By Bob Elliott
DUNEDIN, Fla. _ After being all-state, all-conference and all that, most who exceed in the majors reach a point where they feel bullet proof.
So, when Marcus Stroman’s left knee buckled and he tore his ACL he could not have been blamed for lying on the training table, closing his eyes and asking himself?
“Why me? This never happens to anyone.”
It happened to lefty Scott Barnes, who was quick to tell Stroman Wednesday morning in the Jays’ trainer’s room.
Barnes gave Stroman all the details, how the lefty
Tore his own ACL …
His left knee …
When fielding a bunt …
Pitching for triple-A Columbus in the Cleveland Indians system against Toledo in 2011.
“It was my last hitter, in the last start before the all-star break,” said Barnes. “I started and was at about 110 pitches when Cale Iorg bunted down the third base line leading off the seventh.”
Barnes went over to make the play, his knee locked and down he went.
He was able to walk off the field but as soon as the adrenalin of pitching in a game faded and he was lying on his back on the trainer’s table, he knew.
He’d blown out his knee.
Barnes told Stroman how he has surgery on his left knee in late July and the next spring in Arizona he was ready to take on the full work load of all the healthy the Indians starters were given by the pitching coach.
“The reason I told him was that I wanted to give him a little more confidence,” said Barnes.
The day before Stroman headed out to the turf field for another round of PFPs (pitcher’s fielding practice) he was at his locker dancing, singing every word of a song on the radio. It was not George Strait on the jute box.
He was not a man who needed any confidence.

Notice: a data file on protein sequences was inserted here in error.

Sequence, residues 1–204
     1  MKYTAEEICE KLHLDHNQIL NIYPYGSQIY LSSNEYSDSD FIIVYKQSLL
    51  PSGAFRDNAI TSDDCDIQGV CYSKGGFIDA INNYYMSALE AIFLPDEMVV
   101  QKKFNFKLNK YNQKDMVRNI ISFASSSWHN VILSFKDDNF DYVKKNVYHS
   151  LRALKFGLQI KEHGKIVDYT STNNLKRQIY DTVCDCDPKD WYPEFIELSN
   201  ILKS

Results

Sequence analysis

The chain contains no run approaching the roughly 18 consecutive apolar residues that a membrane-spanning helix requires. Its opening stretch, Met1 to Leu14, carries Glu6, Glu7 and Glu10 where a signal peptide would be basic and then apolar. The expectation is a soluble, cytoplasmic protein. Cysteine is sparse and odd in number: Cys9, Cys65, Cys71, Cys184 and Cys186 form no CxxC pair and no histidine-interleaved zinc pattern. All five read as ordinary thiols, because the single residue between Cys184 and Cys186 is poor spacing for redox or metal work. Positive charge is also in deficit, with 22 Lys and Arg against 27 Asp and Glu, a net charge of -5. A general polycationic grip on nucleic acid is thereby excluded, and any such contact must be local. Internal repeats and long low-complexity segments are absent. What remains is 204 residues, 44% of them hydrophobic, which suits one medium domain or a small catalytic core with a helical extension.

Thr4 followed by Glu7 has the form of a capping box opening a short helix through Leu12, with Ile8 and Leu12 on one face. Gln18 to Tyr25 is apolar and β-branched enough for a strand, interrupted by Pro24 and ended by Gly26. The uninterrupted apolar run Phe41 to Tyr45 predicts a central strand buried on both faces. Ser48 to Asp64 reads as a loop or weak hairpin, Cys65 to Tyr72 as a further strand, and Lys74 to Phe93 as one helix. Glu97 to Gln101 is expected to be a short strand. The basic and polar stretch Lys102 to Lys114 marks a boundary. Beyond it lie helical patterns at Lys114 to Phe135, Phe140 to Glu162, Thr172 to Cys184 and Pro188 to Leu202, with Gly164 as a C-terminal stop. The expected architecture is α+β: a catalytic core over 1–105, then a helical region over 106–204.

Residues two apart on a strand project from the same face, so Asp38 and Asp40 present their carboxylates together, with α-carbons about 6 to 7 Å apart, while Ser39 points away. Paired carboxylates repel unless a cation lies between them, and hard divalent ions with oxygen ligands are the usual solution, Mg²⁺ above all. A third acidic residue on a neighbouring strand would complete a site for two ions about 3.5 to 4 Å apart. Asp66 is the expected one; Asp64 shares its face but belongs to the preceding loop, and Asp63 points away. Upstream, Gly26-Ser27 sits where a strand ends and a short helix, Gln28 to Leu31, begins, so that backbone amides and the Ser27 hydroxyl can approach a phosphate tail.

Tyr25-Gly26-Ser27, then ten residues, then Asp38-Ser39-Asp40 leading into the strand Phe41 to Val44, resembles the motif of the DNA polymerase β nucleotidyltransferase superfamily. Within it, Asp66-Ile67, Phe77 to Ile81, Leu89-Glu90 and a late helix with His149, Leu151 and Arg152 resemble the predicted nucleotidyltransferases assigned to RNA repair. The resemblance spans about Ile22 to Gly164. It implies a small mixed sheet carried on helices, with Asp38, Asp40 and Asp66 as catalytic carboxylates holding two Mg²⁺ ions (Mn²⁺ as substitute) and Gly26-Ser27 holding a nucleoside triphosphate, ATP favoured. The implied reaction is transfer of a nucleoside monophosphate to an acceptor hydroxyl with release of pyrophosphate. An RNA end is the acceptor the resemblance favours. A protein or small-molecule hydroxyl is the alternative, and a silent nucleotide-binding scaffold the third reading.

The youngster didn’t have a care in the world until the bunt drill.
That all changed when he went to field the roller in the simulated bunt defence, the kind every team works on during the spring on back fields in Arizona and Florida.
Barnes 2-3 with a 3.98 ERA in 31 games, making three starts, for Columbus in 2012. He also got the call to the majors, appearing in 16 games in relief for the Indians with a 4.26 ERA.
“I was back in six months, throwing off flat ground in four months and off the mound in five months,” said Barnes.
As one the lefty and scribe began to tick off six months worth of fingers on their respective hands at the same time — April, May, June, July, August and September. Barnes won the race.
That would mean Stroman, if he had the same recovery time as Barnes, would be ready to be on the mound on Sept. 10. Without throwing a pitch since this week he would need at least a month to build up his arm strength … which takes the rehab into October.
There is a reason spring training is six weeks long: it’s not for the hitters (who probably only need two weeks) it’s for the pitchers.
“Marcus should take every precaution, he’ll have more time,” Barnes said. “I had spring training as a goal to shoot towards.
“They may have made medical advancements since 2011, I’m not sure. The operation has a high success rate,”
Barnes was 3-3 with a 7.81 ERA in 23 games at Columbus in 2013 and 0-1 with a 7.27 ERA for the Indians in six games.
Then, Barnes was 3-2 with a 3.69 ERA in 25 games at Columbus, his fourth year there making him eligible to vote in the municipal elections.
So, there is an opening for a lefty like Barnes.
If he doesn’t make the opening day roster, Barnes should know that he has made a friend in Stroman.